Cop a gander of Viola Davis! Glowing on the cover of InStyle, the Golden Globe winner sits down with the magazine to talk fashion, institutionalised racism and her upcoming role as Ma Rainey alongside the late actor Chadwick Boseman.
Read more below…
The 55-year-old Oscar winner said farewell to her role as the iconic Annalise Keating in the past year, but she’s pushing on with her acting talent in the new feature film ‘Ma Rainey’s Black Bottom.‘
Talking to InStyle’s Editor-In-Chief Laura Brown, Davis shares what drew her to the role of Rainey in the 1927-set drama:
‘Everything attracted me to Ma Rainey, especially the idea that I didn’t feel I could play her. But she also really reminds me of the women I grew up with, all my aunties and relatives, the people who were bigger in stature whom I saw as so beautiful. They never questioned their worth. They had the full makeup, the earrings, the Afros, the wide-leg pants.’
Elaborating on the role, she shares:
‘In white American culture, the idea of classic beauty and confidence has always been associated with extreme thinness, but not in my culture. In the African-American culture, we are in command of our bodies. There’s an unapologetic way that we approach clothing. Even in the way Ma Rainey’s breasts were hanging out. At first I was like, “Should I pull my dress up and be more modest?” But I had to channel Ma, and she wouldn’t do that. Neither did my relatives.’
Speaking on Black Lives Matter, the Emmy winner says:
‘In terms of Black Lives Matter, I am who I always am. What’s happening is what has always been happening. We just decided to wake up. How have I been able to process it? I have days when I fail miserably. And that’s when I need my two or three glasses of wine. But I’m trying not to lose hope in humanity. The only thing I can control in life is what I put into it. That’s the only thing I can do with Genesis. Teach her that you still have to be kind, you still have to be empathetic. That that’s going to be a part of your legacy. You have no idea whose life you can shift. And at the same time, even someone who doesn’t share your belief system could be a friend. That is the complexity of life.’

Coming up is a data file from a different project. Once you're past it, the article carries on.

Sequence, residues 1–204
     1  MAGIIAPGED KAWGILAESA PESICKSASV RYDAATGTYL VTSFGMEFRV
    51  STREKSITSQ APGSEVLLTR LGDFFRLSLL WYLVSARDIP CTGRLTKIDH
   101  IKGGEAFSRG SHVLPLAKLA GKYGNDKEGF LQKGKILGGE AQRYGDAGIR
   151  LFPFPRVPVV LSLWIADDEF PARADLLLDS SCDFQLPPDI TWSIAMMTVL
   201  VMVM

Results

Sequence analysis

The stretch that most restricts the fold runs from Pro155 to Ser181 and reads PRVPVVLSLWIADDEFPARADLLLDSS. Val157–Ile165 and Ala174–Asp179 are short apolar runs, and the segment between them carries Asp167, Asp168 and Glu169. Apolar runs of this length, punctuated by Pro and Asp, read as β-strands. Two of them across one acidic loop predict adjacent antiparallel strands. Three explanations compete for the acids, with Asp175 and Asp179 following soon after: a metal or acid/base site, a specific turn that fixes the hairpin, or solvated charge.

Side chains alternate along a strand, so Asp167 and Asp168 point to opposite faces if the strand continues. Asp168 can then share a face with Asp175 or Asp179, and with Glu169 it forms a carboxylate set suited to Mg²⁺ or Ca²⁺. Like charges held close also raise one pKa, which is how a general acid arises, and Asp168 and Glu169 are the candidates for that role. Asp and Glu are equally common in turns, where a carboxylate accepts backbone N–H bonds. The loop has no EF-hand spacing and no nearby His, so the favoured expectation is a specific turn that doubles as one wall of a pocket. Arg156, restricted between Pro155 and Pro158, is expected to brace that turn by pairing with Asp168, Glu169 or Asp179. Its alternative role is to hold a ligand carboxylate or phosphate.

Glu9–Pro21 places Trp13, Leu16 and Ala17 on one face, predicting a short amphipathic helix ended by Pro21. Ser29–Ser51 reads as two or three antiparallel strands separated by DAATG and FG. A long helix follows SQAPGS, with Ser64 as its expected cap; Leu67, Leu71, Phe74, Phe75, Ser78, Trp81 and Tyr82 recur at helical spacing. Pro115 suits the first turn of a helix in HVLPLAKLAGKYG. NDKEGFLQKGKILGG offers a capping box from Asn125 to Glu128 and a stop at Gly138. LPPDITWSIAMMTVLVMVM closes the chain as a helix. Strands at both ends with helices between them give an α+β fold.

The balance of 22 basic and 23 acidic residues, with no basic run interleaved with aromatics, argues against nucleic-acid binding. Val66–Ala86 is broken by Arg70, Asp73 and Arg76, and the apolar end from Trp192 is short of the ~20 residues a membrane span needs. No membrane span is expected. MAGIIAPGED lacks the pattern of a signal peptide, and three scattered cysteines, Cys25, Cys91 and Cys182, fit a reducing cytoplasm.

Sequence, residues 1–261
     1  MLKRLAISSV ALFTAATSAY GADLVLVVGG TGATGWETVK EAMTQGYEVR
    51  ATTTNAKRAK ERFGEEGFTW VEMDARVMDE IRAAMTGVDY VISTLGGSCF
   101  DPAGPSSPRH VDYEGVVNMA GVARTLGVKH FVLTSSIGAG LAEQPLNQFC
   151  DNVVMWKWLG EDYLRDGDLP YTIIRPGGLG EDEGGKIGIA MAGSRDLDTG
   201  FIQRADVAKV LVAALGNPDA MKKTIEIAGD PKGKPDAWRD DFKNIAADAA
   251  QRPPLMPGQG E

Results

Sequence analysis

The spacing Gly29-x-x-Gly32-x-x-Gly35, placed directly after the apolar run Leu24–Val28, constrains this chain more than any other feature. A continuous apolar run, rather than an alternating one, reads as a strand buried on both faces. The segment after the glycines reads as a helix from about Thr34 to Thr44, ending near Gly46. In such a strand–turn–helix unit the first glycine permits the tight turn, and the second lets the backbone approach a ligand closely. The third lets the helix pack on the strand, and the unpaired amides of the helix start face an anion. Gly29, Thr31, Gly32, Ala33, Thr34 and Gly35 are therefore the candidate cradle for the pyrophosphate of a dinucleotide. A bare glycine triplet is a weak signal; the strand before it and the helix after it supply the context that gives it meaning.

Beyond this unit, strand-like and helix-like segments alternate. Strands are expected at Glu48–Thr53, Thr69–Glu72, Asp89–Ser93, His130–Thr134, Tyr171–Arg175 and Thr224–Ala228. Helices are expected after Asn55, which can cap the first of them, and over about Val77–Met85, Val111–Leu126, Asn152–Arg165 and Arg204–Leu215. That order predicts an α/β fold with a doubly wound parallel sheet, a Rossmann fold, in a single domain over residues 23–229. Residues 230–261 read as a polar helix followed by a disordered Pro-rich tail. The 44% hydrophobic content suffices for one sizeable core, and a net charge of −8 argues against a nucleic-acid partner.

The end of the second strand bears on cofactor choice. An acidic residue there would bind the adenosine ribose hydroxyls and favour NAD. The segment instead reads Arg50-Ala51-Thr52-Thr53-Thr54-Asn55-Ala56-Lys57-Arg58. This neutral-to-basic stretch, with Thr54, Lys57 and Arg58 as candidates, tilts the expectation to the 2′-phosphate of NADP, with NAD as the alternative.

She also details her thoughts on the Presidential election:
“The bottom line is that it is a system that’s been built on the dehumanization of Black and brown people. Everything from Jim Crow to the Black codes to incarceration to the millions and millions of lives lost in the Middle Passage. The trauma of that still reverberates to this day, and not just with the Black and brown people, but with the so-called oppressors, who are the white people.
We all have been affected by the trauma. It’s almost as if we have to relearn how to interact with each other. How to love each other. How to meet each other as equals. That’s very difficult because our caste system is about one-upmanship. An American ideology and ethos that is based on whoever is on top gets the American Dream and whoever is on the bottom, who fails the test, does not. We have to dismantle that. If we are indeed woke and do not want another 2020 or 1965 or 1877 or 1865 to happen again, then we need to slowly begin dismantling this system. And then look into reparations.”
A great interview! Viola never fails to deliver thought-provoking, truthful words. See more shots from the gorgeous photoshoot below:
You can read the full InStyle interview here.
Ma Rainey’s Black Bottom’ hits Netflix 4th December!
We’ll be watching… will you?